Managing our children’s eating habits is hard enough, but add in allergens and it can feel overwhelming.
Allergens include milk, eggs, wheat, peanuts, tree nuts, soy, fish, shellfish, and sesame. Some babies will have an immediate reaction, whereas some reactions are delayed and take up to a day to appear.
You can introduce allergens around six months, just like any other food. Here are three tips for doing so safely.
Offer each allergen one at a time to begin with so that if there’s a reaction, you know for definite which allergen it was. Three days between is a good rule of thumb.
Give small amounts - just a nibble or lick - to begin with so if there is a reaction, baby is not overwhelmed. If you’re giving them peanut butter for example, water it down and give a quarter or half a teaspoon. And with something like fish, just flake a little bit off.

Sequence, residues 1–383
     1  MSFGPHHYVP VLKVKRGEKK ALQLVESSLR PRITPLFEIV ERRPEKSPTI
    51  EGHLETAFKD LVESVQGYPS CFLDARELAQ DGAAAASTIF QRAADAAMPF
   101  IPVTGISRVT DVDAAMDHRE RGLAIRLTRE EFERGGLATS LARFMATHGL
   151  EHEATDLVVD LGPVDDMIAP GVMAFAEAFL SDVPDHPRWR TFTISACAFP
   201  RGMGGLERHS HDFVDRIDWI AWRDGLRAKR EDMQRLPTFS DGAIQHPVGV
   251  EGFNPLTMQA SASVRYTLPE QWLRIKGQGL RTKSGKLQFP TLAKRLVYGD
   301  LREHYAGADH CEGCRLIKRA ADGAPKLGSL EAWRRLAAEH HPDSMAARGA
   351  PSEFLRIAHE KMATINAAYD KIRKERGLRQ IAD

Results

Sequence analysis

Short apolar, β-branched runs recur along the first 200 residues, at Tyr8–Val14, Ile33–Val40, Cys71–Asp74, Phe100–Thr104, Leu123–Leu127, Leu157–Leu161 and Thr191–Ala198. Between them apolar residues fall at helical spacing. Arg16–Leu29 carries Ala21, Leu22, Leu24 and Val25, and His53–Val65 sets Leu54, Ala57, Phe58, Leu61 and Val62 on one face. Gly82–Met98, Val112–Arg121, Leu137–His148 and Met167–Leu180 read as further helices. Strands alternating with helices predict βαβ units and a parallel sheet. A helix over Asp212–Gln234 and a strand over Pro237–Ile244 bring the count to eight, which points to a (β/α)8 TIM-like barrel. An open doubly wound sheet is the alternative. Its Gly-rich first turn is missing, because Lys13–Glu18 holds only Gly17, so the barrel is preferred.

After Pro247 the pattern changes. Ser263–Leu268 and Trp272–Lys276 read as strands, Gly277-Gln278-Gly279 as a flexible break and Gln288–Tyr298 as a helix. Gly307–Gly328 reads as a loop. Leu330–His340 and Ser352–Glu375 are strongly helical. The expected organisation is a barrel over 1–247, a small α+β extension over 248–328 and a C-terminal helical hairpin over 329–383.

If you’re going down a purée route, purée them. If you’re going down the baby-led weaning route, then some foods are fine to give as finger foods but bear in mind that some - like peanuts - can be choking hazards so adapt as necessary.
Remember: most children grow out of most of their allergies between five and seven years old with the exception of nut and sesame allergies. And just because a family member has an allergy, it doesn’t mean that your baby’s going to have an allergy.
Allergens don’t need to be scary. Just take it one at a time and nibble by nibble.